Idiomatically the top-level API is often referred to as nosql:

var nosql = require("mysql-js");
var properties = new nosql.ConnectionProperties("mysql");
properties.mysql_host = "productiondb";
var mapping = new nosql.TableMapping("webapp.users");
nosql.connect(properties, mapping, onConnectedCallback);
  • ConnectionProperties(adapterName): Constructor. Creates a ConnectionProperties object containing default values for all properties.
  • TableMapping(tableName): Constructor. Creates a new TableMapping.
  • Projection(mappedConstructor): Constructor. Creates a new Projection.
  • connect(properties, [mappings], [callback], [...]): *ASYNC. The callback or promise receives a SessionFactory.
  • openSession(properties, [mappings], [callback], [...]): *ASYNC. An implicit SessionFactory is opened if needed; the callback or promise receives a Session.
  • getOpenSessionFactories() Returns an array
  • closeAllOpenSessionFactories() Returns undefined

See the complete documentation for the top-level API

Mapped Objects

A TableMapping is an entirely optional part of the API that allows you to fine-tune the relations between JavaScript objects and database records. All of the data management calls available on session can take either a table name (so that they work without any mapping), or a mapped object. When a table name is used with find(), for instance, the returned object contains one property for every database column, with each property name the same as the corresponding column name, and the property value of a default JavaScript type based on the column type. When find() is used with a TableMapping, it can return an object with some subset of the fields from the mapped table (along perhaps with some non-persistent fields), using cusom type conversions, created from a particular constructor, and connected to a class prototype.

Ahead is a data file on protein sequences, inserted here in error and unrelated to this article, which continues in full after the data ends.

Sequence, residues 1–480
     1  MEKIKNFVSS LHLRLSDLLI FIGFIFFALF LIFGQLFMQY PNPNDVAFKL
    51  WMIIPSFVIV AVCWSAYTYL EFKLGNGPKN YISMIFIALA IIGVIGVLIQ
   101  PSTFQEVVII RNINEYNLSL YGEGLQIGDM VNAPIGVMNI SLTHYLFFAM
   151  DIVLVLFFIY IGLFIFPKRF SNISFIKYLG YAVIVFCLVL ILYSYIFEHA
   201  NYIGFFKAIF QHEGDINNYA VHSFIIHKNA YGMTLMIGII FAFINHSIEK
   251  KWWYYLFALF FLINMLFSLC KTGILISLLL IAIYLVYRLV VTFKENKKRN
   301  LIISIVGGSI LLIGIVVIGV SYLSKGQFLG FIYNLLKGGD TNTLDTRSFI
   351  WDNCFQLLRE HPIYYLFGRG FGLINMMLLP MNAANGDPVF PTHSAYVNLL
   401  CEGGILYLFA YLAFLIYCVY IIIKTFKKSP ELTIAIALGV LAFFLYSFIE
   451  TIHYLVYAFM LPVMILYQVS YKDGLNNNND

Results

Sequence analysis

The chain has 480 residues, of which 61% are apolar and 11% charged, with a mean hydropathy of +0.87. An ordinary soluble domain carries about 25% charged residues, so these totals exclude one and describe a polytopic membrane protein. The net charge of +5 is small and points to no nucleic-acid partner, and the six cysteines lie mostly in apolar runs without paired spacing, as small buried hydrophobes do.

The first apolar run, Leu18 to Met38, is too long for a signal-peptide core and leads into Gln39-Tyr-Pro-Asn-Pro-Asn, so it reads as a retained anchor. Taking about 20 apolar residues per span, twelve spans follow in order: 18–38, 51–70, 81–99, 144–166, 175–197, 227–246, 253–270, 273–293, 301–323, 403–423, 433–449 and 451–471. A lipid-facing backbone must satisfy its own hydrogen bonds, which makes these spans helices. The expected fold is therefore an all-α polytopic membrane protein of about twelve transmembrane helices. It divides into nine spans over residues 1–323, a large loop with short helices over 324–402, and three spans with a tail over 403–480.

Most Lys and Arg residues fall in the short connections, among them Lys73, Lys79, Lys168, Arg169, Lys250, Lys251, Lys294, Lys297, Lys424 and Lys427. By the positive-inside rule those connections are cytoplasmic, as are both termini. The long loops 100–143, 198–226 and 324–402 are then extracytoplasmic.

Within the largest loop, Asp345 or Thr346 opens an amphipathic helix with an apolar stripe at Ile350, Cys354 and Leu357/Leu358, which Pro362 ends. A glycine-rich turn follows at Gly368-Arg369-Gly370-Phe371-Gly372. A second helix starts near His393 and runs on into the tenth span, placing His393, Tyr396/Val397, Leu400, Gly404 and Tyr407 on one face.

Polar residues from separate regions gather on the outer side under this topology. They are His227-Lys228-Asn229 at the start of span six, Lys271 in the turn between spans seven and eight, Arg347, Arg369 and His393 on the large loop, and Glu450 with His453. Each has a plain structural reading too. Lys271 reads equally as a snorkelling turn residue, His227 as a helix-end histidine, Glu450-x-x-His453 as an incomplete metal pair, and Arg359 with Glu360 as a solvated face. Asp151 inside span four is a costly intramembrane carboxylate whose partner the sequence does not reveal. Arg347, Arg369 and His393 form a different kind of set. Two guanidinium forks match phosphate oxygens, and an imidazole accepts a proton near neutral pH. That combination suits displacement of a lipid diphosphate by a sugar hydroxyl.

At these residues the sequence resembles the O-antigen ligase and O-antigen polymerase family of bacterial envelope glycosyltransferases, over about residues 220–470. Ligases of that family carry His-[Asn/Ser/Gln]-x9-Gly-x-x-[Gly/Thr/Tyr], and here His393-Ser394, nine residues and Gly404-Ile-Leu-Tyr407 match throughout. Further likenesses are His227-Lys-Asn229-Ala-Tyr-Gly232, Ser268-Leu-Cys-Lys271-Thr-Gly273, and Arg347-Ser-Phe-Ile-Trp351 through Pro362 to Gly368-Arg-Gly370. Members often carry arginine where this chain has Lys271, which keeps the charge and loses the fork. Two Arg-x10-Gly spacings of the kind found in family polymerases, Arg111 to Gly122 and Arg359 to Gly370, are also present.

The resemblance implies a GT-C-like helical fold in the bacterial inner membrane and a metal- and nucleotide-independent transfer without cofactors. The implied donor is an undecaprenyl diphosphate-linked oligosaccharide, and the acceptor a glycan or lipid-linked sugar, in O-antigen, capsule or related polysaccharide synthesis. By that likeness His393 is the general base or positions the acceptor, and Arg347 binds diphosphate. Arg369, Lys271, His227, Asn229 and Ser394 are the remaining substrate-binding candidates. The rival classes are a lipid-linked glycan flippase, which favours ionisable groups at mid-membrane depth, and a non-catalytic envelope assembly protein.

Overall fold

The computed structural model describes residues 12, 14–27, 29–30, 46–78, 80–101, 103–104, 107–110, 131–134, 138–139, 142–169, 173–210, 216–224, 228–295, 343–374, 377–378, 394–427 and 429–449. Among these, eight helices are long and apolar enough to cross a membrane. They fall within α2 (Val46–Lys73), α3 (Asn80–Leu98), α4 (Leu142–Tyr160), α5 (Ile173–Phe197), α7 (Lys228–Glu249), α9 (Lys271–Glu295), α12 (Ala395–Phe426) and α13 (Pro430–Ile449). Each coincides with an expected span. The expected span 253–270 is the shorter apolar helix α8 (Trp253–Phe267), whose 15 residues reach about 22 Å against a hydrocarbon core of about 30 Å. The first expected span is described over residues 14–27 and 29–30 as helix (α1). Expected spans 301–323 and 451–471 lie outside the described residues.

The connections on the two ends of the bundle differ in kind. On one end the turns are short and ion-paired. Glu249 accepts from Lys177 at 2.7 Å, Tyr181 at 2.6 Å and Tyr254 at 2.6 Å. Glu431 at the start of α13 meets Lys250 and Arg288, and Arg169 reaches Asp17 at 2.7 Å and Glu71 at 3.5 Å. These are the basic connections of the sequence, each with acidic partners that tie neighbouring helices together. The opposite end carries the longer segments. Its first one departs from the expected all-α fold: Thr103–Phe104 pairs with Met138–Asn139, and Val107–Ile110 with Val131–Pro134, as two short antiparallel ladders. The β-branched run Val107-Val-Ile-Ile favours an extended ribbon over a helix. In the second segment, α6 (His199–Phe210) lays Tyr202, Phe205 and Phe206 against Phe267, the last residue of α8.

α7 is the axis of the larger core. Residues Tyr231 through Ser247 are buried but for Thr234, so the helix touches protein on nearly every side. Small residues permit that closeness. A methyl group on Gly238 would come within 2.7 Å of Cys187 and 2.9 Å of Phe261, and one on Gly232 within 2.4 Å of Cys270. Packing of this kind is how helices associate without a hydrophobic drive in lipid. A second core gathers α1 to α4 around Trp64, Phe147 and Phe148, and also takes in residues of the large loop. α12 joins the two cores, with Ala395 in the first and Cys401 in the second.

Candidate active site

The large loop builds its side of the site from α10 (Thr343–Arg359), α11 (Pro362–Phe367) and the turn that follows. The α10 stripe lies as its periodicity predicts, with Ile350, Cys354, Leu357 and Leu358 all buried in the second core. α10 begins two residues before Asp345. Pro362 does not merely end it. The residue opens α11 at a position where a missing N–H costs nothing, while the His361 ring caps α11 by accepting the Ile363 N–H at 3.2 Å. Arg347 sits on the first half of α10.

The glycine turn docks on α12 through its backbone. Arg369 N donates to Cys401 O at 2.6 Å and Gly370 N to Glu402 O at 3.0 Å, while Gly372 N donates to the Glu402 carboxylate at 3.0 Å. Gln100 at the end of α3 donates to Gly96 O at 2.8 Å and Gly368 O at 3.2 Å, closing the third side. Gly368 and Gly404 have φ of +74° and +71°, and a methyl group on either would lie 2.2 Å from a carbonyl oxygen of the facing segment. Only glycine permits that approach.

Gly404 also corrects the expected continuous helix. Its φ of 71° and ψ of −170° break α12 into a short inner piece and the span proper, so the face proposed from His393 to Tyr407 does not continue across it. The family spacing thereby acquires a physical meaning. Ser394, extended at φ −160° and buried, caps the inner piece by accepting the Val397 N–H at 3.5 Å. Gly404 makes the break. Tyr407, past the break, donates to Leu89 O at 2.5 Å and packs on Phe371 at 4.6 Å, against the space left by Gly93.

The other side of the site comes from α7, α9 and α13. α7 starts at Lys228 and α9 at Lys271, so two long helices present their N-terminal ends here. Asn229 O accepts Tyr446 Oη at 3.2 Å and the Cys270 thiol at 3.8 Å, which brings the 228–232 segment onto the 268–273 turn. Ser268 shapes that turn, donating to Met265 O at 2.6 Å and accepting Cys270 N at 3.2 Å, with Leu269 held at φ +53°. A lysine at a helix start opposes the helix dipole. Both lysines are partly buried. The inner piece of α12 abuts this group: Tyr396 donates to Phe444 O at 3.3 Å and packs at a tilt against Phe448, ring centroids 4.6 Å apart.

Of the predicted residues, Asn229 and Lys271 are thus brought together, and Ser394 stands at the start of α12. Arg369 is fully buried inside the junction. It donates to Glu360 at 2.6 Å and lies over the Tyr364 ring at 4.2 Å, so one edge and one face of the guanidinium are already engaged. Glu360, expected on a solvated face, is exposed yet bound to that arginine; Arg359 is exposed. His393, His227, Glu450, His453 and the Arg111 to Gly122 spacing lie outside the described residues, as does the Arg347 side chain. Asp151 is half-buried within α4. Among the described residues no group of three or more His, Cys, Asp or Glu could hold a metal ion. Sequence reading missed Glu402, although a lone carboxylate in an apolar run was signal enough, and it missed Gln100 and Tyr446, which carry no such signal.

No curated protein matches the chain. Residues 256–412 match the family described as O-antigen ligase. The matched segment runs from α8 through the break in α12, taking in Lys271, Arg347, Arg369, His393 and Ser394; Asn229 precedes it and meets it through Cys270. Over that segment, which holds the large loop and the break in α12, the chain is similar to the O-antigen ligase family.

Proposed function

function User() {     // Constructor for application object

  var userTable = new nosql.TableMapping("webapp.user");  // map a table
  userTable.mapField("firstName","first_name"); // customize the mapping
  userTable.applyToClass(User);  // apply the mapping to the constructor

See the complete documentation for TableMapping.


The data types stored in a particular database do not always correspond to native JavaScript types. For instance, most databases support 64-bit signed and unsigned integers, while JavaScript does not. MySQL-JS allows users to customize data conversion in these cases using Converter classess. A Converter class marshalls data between an intermediate format and a desired JavaScript format by means of two methods, toDB() and fromDB().